In other words, for his first offense trying to make money by selling his pals pot and coke, Sam Hurd got a federal prison sentence 30 times longer than the jail term to be served Josh Brent for killing his pal during his second (known) offense of drinking and driving. Like the folks at MADD, I worry that these disparate punishment realities "send the message that it's OK to drink and drive" and kill your pal, just make extra sure you do not try to seel them some pot and coke or you might get in really big trouble. (And do not get me started on the additional messaging from another famous NFL player, Plaxico Burress, having to cut a plea deal to get a state prison sentence only four times longer than what Brent will serve simply for carrying a gun the wrong way and shooting himself!)
Some related posts on drunk driving leniency and NFL player sentencings:
- Why the #@$%! is Justin Beiber's sentencing exposure so low for underage DUI?
- Another young life cut short by famous drunk driver ... thanks in part to undue sentencing leniency
- How will Texas sentencing jury exercise its broad discretion after NFL player's intoxication manslaughter conviction
- Effective commentary complaining about undue leniency for drunk drivers
- Shouldn't we be much, much tougher with drunk drivers?
- Another high-profile example of undue leniency for a repeat drunk driver
- Former NFL player now a high-profile felon facing (severe?) federal sentencing realities
- Lawyer for Plaxico Burress making much of sweet plea deal given to other NFL receiver (guilty of DUI)
- Plaxico Burress cuts a plea deal requiring two-year prison term for his gun possession
Friday, January 24, 2014
Notable early Massachusetts legislative response to elimination of juve LWOP
This Boston Globe article, headlined "Bill seeks at least 35 years for young killers," reports on a proposed statutory response to the recent ruling by the Supreme Judicial Court of Massachusetts (discussed here) which declared that that "all life-without-parole sentences for juvenile offenders, whether mandatory or discretionary, violate art. 26 of the Massachusetts Declaration of Rights." Here are the basics:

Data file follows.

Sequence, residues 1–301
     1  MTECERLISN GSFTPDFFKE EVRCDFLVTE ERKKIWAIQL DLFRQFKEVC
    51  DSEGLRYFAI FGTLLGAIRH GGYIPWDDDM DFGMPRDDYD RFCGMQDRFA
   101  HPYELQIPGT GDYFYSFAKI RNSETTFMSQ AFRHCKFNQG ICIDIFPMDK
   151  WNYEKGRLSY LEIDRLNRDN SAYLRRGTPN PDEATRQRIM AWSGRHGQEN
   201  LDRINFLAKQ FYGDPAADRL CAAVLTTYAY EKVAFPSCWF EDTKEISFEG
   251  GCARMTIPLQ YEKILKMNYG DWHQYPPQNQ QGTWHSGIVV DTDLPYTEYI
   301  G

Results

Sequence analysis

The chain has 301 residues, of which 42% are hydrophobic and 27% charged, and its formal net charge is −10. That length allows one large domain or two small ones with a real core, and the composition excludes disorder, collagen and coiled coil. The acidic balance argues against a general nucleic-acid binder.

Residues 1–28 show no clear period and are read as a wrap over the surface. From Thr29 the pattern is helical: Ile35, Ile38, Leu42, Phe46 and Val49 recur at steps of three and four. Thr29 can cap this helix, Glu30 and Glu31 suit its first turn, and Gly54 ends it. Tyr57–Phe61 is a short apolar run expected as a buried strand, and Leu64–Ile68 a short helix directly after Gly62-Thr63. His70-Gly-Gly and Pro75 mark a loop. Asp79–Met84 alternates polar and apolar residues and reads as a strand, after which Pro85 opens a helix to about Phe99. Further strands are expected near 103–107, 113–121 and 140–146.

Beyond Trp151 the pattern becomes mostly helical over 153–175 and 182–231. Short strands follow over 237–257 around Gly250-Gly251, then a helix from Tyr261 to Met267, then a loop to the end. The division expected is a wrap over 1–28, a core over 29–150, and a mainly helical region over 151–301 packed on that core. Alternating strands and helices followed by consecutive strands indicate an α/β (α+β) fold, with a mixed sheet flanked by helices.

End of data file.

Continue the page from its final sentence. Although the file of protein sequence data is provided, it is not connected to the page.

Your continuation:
A group of state lawmakers is proposing legislation that would require juvenile murderers to serve at least 35 years in prison before being eligible for parole, in direct response to a Supreme Judicial Court ruling that struck down life sentences without the possibility of parole for young killers.
The bipartisan bill would also require the state Parole Board, in deciding whether to grant early release, to consider whether a teenager convicted of murder had the maturity and sense of responsibility of an adult when carrying out the crime.
The bill was based on the recommendation last week of the Massachusetts District Attorneys Association and was meant to fill a legal void left by the Supreme Judicial Court decision in December that eliminated sentences of life without parole for juveniles, even those convicted of the most horrendous crimes. “It’s about the injustice this would mean for the victims’ families,” said state Senator Barry Finegold, a Democrat from Andover and one of the sponsors of the legislation.
Senator minority leader Bruce Tarr, a Republican from Gloucester who cosponsored the bill, added that he has spoken with the families of murder victims and “their loss is no less because their suffering was at the hands of a juvenile.”...
According to state officials, approximately 66 prisoners who were sentenced to life without the possibility of parole for crimes they committed as juveniles could now be eligible for parole. No hearings have been scheduled.
Joshua Dohan — director of the youth advocacy division for the state Committee for Public Counsel Services, the state’s public defender agency — questioned how the state legislators reached the 35-year mark. Dohan pointed out that international standards, agreeing that teenagers have mindsets that are different from those of adults, call for juvenile sentences of, on average, no more than 20 years in prison, even for murder.
He said legislators are reacting quickly to a sensitive issue, but that they should slow down the process. He called for lawmakers to give judges discretion to hand out punishments, so they could consider a teenager’s culpability in a crime. “These are really important decisions that are going to affect the defendant, but also their families and the families of their victims,” he said....
Tarr and Finegold, flanked by a group of legislators who sponsored the bill, said the 35-year limit is a balance between holding a teenager accountable for his or her crimes and preserving the constitutional issues cited by the courts. Other states, reacting to the US Supreme Court decision, have passed a variety of laws: Wyoming, for instance, offers parole after 25 years.